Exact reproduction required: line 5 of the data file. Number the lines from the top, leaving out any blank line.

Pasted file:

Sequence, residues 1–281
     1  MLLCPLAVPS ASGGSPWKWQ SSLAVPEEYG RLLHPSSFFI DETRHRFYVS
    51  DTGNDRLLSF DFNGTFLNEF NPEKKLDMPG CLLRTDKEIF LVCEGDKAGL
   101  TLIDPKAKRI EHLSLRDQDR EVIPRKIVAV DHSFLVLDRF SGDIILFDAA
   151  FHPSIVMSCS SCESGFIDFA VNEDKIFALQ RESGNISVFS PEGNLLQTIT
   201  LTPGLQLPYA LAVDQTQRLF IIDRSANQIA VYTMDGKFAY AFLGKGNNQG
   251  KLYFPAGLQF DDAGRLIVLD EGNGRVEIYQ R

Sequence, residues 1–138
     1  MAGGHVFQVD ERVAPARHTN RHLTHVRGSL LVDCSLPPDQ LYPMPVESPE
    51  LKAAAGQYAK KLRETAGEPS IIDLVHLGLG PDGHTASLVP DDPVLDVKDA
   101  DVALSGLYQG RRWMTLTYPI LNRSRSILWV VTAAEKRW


   151  FHPSIVMSCS SCESGFIDFA VNEDKIFALQ RESGNISVFS PEGNLLQTIT